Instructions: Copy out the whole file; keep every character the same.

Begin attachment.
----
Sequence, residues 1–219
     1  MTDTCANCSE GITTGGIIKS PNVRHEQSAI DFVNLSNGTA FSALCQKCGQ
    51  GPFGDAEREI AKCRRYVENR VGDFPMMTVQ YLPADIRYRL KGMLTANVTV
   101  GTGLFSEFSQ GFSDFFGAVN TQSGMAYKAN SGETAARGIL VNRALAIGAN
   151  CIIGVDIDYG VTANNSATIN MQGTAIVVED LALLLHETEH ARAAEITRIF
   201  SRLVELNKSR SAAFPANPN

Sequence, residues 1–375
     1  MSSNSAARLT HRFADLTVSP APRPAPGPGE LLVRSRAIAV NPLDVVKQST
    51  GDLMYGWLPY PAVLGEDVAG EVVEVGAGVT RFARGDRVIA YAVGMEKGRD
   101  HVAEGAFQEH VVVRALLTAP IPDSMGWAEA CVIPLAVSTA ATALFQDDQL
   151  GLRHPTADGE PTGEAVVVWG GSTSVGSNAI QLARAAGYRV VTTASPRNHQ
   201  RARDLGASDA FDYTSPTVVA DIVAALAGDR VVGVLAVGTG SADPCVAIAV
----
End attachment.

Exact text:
Sequence, residues 1–219
     1  MTDTCANCSE GITTGGIIKS PNVRHEQSAI DFVNLSNGTA FSALCQKCGQ
    51  GPFGDAEREI AKCRRYVENR VGDFPMMTVQ YLPADIRYRL KGMLTANVTV
   101  GTGLFSEFSQ GFSDFFGAVN TQSGMAYKAN SGETAARGIL VNRALAIGAN
   151  CIIGVDIDYG VTANNSATIN MQGTAIVVED LALLLHETEH ARAAEITRIF
   201  SRLVELNKSR SAAFPANPN

Sequence, residues 1–375
     1  MSSNSAARLT HRFADLTVSP APRPAPGPGE LLVRSRAIAV NPLDVVKQST
    51  GDLMYGWLPY PAVLGEDVAG EVVEVGAGVT RFARGDRVIA YAVGMEKGRD
   101  HVAEGAFQEH VVVRALLTAP IPDSMGWAEA CVIPLAVSTA ATALFQDDQL
   151  GLRHPTADGE PTGEAVVVWG GSTSVGSNAI QLARAAGYRV VTTASPRNHQ
   201  RARDLGASDA FDYTSPTVVA DIVAALAGDR VVGVLAVGTG SADPCVAIAV